This 1901 novel by Frank Norris feels quite squarely with a foot in both the 19th and 20th centuries, and of course in publication in 1901 suggests that it quite literally does. The book is subtitled “A Story of California”, so it has the trappings of California novels — references to the old Spanish inhabitants, a blending of American and Mexcian people, culture, food, a reverence for the land, wine, and a struggle between the greatest potential of lived experience and the truly harrowing exploitation of fetterless capitalistic monopolies. It also prefigures books by Upton Sinclair and John Steinbeck, and more or less sits between them in terms of literary achievement and quality. At times, it’s a meditative and thoughtful expression of humanity, and sometimes it’s a clipping, staccato (and not always in a good way) narration of economic politics.
The story is a small town in California that is at the literal crossroads of the rail industry and California agriculture. This creates a tension primarily between the rail company, its owners and financiers, and the wheat farmers who held a kind of captive by the shipping rates. There’s also the uncomfortable erasure of the workers throughout most of the work, with the owning class of one realm fighting the owning class of the other. That gives this the flavor of modern politics, where Sinclair and Steinbeck almost always used the lowest level of exploitation to tell their stories. That doesn’t mean this is a character study in its own way, it just means that the characters are not always the characters we might immediately identify with in a 21st century context. After all, the characters who get to have their stories told in this novel are more close linked to the people who would be reading this book 120 years ago when it was published.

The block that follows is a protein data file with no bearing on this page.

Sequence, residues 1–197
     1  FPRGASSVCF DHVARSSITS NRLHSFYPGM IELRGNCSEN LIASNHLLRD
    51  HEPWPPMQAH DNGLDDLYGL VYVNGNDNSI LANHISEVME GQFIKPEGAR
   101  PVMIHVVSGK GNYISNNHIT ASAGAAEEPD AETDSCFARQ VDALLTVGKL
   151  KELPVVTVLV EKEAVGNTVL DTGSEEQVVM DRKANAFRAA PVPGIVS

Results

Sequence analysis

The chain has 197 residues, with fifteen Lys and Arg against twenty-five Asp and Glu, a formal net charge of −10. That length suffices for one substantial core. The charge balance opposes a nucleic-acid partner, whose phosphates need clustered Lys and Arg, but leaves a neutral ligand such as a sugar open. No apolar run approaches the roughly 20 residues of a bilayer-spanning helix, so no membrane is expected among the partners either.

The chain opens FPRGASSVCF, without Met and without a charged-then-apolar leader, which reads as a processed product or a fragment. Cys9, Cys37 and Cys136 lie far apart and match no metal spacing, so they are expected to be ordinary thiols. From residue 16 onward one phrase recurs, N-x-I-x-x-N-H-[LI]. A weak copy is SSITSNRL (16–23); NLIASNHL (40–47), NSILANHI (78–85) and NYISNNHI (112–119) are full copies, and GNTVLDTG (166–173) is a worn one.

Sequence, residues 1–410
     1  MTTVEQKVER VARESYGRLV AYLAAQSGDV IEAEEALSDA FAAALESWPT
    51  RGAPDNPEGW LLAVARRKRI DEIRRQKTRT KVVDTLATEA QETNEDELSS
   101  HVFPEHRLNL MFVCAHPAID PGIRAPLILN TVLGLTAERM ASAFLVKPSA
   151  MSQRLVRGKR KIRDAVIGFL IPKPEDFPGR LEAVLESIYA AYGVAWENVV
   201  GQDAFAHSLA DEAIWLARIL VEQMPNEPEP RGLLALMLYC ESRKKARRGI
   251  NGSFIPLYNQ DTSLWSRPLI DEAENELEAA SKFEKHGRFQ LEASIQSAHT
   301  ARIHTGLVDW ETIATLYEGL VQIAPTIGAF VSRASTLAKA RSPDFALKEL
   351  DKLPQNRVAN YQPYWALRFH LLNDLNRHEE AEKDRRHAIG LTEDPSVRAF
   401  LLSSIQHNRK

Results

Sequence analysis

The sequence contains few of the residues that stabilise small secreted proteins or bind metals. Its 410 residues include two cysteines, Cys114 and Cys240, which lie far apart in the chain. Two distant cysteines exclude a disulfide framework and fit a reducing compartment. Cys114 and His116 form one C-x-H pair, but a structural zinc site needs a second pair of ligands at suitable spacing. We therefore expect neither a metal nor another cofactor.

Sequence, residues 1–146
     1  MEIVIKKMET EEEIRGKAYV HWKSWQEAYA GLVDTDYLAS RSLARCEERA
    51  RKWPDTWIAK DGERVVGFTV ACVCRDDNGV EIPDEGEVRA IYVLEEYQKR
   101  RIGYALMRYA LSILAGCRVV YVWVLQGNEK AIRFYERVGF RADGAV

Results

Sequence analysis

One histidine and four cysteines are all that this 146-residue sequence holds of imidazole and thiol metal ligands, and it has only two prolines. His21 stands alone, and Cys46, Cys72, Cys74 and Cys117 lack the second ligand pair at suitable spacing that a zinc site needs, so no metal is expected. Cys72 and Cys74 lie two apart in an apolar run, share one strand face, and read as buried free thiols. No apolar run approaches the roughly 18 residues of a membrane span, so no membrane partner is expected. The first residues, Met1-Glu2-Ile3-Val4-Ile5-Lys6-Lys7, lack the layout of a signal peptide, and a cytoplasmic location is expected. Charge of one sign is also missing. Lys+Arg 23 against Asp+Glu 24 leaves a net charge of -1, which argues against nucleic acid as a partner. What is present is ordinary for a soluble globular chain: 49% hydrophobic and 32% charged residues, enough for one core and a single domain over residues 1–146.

The conflict here is that the railroad is able to set policies and fees that are predatory, exorbitant, and arbitrary. Some examples: a former employee who quits his job working with the railroad as his salary was consistently cut decides to begin farming hops, since the low price of shipping them is advantageous. He soon learns that the price of hops dictates the fees, and that he won’t be able to make any money on them. Asking the relevant question: what does the price of hops have to do with the cost of shipping them? He is met with the same kind of indifference that Job gets at the seat of God. Another: one farmer buys a supply of heavy farm equipment to be shipped just in time from the East for his harvest. When the equipment arrives in town, the railroad refuses to unload it from the train because this particular hub does not except shipments from the East. All Easterly shipments must be first routed from Barstow, some 50 miles away, and then shipped on local lines to their terminal destinations. So while he can see the equipment, internal policy will not give him his property. This causes a delay, but worse, the local rates are far higher than national rates. It costs him more money to receive his property later, all the while he can see it on the train.
The response to this overall is for the local farmer owners to form an organization called “The League” where they hope to use their collective power to stand up against the railway, with violence if necessary. Again, this is a long novel, so each of these elements are both episodic at times or woven through over the course of the novel. At times we spend a more meditative time period with individual characters who generally question their continued participation in the system.